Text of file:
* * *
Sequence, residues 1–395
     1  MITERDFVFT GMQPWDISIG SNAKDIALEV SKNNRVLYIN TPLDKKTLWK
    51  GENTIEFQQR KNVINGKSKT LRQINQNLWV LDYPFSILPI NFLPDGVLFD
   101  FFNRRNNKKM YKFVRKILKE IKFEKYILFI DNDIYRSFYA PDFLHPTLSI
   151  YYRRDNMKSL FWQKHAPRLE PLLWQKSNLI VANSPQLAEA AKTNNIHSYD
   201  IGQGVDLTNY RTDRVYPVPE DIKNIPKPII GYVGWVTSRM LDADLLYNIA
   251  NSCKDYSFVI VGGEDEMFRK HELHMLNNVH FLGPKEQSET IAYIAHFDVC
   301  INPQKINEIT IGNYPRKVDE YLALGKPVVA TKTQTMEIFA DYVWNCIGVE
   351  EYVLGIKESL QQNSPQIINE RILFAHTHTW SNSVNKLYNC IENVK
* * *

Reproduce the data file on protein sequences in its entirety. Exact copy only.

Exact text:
Sequence, residues 1–395
     1  MITERDFVFT GMQPWDISIG SNAKDIALEV SKNNRVLYIN TPLDKKTLWK
    51  GENTIEFQQR KNVINGKSKT LRQINQNLWV LDYPFSILPI NFLPDGVLFD
   101  FFNRRNNKKM YKFVRKILKE IKFEKYILFI DNDIYRSFYA PDFLHPTLSI
   151  YYRRDNMKSL FWQKHAPRLE PLLWQKSNLI VANSPQLAEA AKTNNIHSYD
   201  IGQGVDLTNY RTDRVYPVPE DIKNIPKPII GYVGWVTSRM LDADLLYNIA
   251  NSCKDYSFVI VGGEDEMFRK HELHMLNNVH FLGPKEQSET IAYIAHFDVC
   301  INPQKINEIT IGNYPRKVDE YLALGKPVVA TKTQTMEIFA DYVWNCIGVE
   351  EYVLGIKESL QQNSPQIINE RILFAHTHTW SNSVNKLYNC IENVK